Two important pins belonging to American Airlines crew members killed in the 9/11 Pentagon crash are now back with the airline.
They were found at the crash site at the Pentagon, and are now part of the C.R. Smith Museum in Fort Worth.
A center director for the USO in Delaware saw the two pins from the American Airlines crew of Flight 77 on display at Dover Air Force Base and contacted American Airlines about them.
That was more than a year ago. Now, those pins are at the airline's museum.
Marc Flagg understands how important symbolism is when it comes to Sept. 11.
He still has items from the wreckage that belonged to his parents, Bud and Darlene Flagg, who were passengers on Flight 77 that crashed into the Pentagon.
His father flew for American for 31 years.
"And everybody looks at things differently, but it's meaningful to some people, and that's well worth it all the way around," said Flagg.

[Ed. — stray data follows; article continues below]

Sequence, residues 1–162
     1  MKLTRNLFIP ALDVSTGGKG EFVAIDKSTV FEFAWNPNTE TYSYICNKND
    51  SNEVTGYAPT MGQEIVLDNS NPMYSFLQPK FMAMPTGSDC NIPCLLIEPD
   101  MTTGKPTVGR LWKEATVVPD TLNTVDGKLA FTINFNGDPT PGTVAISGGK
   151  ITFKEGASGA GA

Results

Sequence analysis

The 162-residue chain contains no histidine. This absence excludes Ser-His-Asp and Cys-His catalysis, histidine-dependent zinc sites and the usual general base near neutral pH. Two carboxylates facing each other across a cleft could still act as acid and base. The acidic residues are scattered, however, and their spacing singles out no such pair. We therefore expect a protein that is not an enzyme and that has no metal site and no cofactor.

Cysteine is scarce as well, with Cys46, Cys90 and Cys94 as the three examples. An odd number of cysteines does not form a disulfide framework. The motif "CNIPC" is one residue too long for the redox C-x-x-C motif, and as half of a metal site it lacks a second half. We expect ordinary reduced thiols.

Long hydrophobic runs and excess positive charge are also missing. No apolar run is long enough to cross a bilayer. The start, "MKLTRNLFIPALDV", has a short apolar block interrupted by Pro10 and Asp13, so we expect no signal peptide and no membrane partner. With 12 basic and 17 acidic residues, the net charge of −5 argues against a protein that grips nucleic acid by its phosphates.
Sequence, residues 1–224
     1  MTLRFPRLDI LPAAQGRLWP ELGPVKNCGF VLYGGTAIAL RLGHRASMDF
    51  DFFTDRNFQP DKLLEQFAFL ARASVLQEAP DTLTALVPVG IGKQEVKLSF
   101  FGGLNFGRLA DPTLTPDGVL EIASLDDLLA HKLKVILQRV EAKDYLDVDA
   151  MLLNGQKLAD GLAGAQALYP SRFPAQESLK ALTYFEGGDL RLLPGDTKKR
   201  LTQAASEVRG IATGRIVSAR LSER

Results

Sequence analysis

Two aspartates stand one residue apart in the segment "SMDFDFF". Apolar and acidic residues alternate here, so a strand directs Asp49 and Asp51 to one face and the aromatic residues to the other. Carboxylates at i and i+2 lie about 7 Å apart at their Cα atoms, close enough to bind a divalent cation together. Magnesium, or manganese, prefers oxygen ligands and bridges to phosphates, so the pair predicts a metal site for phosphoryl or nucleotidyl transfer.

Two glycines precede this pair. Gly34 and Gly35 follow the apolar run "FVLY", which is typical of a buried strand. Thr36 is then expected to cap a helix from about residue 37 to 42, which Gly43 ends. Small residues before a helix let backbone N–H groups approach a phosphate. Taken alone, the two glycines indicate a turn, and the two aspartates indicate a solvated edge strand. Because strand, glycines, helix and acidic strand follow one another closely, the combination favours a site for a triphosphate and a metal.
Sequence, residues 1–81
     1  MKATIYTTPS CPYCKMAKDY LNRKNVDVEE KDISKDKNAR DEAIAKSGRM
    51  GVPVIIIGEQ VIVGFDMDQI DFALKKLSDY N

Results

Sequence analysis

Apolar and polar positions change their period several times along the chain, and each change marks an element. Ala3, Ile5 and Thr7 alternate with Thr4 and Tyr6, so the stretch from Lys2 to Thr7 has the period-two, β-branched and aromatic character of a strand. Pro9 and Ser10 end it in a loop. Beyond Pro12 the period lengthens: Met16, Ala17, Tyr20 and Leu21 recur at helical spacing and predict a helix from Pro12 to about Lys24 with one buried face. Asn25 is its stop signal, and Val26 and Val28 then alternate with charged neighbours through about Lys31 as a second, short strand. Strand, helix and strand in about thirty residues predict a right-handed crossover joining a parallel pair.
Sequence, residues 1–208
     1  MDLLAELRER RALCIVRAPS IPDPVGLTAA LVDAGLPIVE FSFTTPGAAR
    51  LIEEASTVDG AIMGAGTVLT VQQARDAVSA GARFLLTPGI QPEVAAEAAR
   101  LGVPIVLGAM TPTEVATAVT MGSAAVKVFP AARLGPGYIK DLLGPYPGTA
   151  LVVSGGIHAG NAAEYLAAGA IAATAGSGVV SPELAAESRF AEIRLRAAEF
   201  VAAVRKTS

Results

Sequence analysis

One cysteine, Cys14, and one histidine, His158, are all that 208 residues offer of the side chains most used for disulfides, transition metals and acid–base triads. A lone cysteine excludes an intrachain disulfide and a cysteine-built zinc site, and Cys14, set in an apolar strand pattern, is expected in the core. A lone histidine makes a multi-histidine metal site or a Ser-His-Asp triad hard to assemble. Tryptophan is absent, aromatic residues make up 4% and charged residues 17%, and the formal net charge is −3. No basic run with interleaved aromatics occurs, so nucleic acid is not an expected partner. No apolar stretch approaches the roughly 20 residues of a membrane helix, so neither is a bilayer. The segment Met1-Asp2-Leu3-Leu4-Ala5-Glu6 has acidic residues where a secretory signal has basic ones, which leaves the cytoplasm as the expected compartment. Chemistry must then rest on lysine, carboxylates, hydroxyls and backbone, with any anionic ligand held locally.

Although they are tiny, he says two pins worn by crew members of Flight 77 are monumental.
"The pins represent a lot of things for the flight attendants and for the crew members from American Airlines, and also to the family members to what transpired," said Flagg.
It's believed that the wings were worn by the co-pilot because of their color, but which flight attendant on Flight 77 wore the union pin is unknown.
"The pins symbolize again, our crews, our family, our passengers and the sacrifice they endured on that day, and we have to honor that continuously," said Keith Wilson, President of the Allied Pilots Association.
For families of 9/11 victims who visit the museum, a memorial garden is in place, where they can peacefully reflect.
"I was happy that part of the country and part of America has something back, and that there is something to remember them by, because there wasn't a lot left from Flight 77 at the Pentagon, nor from Flight 11 or any of the other aircraft," said Flagg.
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